Lightroom workflow for landscape photographers

In landscape photography, it's all about the little details. By Chris Burkard

Perfect with Gradient and Paint Tools

Great landscape editing isn't made of sweeping, dramatic changes, but rather making small subtle changes that really add a big impact to the photo. The Lightroom gradient tool is one way to make subtle changes with a big impact, especially for scenarios that couldn't be shot with a graduated neutral density filter in the first place. Use the gradient to enhance the sky by adjusting the exposure and using the temperature to bring out more color. The gradient tool can be used for a lot more than just the sky though, identify any parts of the image that are too light, too dark or just aren't working the way the rest of the photo is and try applying a gradient tool to just that area.

For areas that are smaller or an odd shape, use the mask tool for smaller changes. Perhaps there's a rock or section of the water that's too bright or too shadowy—the brush tool is how you correct that. Just like the more traditional dodging and burning tools allow for small tweaks, the brush and gradient tools are a must for applying effects to only a portion of the image.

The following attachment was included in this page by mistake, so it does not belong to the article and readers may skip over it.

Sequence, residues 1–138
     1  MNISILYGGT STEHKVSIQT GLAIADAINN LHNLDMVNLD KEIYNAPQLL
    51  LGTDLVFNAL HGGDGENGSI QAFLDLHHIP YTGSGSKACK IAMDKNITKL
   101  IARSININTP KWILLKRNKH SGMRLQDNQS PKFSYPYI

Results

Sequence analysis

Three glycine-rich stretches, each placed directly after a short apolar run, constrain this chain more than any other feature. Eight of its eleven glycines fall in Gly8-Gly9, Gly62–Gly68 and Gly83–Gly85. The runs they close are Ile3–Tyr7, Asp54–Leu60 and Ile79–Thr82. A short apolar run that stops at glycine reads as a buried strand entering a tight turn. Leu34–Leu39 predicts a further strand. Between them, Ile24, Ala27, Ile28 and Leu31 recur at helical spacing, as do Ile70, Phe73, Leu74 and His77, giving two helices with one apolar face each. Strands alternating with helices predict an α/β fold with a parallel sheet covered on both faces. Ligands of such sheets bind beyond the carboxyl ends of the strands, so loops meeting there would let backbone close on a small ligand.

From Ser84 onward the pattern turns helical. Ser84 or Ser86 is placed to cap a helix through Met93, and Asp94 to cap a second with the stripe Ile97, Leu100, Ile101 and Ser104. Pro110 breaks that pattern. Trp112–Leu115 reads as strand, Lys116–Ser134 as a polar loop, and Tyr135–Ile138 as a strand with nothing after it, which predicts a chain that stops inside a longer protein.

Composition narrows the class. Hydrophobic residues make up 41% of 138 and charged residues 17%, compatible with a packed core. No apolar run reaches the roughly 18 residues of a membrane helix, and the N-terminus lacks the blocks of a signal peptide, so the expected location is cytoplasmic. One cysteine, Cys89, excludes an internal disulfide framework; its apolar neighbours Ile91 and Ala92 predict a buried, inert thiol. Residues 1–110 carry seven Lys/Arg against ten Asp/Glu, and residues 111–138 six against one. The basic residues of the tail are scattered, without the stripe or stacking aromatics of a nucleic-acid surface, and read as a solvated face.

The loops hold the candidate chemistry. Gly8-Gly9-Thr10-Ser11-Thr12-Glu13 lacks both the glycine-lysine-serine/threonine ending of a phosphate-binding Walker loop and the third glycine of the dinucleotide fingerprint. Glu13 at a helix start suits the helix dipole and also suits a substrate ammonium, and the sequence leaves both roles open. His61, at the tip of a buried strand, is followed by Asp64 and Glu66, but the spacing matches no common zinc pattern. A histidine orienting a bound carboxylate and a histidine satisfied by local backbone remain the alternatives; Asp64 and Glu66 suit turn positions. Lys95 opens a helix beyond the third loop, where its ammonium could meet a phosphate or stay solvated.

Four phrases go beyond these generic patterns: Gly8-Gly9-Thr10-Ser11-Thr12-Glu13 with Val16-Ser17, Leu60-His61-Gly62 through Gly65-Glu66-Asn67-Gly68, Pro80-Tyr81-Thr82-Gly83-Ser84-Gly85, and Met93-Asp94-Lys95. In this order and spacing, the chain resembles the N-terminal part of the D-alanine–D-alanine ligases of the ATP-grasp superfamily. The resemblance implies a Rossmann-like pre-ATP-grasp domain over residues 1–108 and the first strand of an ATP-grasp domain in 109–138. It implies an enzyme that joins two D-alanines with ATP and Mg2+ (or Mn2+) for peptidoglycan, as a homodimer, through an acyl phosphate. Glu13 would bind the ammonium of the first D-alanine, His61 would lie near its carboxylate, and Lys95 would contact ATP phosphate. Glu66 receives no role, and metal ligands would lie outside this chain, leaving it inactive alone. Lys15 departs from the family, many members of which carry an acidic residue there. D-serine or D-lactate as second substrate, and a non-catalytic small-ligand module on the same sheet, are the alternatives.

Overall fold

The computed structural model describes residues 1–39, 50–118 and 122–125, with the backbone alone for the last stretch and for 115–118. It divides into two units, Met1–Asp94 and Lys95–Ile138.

Lightroom Workflow for landscape photographers

Save time by starting with a sharpening algorithm that works for most images. By Chris Burkard

Try a Sharpening Algorithm

Instead of messing with the sharpening sliders and watching how the images change every time, start with an algorithm to save time. A good starting point is to use:

  • Amount: 98
  • Radius: 1
  • Detail: 60
  • Masking: 30

That sharpening algorithm won't be perfect for every image, but it works well for many shots. Images taken at high ISO, for example, usually need to be turned down a bit or the noise is emphasized. By starting with settings that work well for most photos, instead of at 0, you can process your image a bit quicker.

Lightroom workflow for landscape photographers

Other edits will affect the image's color, so save saturation for last. By Chris Burkard

Save Saturation for Last

There are a lot of ways that you can enhance the saturation in the image, without actually touching the saturation slider. Save the saturation for last—adjusting your tone curves, making subtle gradient and brush adjustments and even sharpening will bring out the color in the image in a way that appears natural. Once those adjustments have been made, then tweak your colors. For a natural looking image, avoid the clarity slider and keep vibrance and saturation under 20.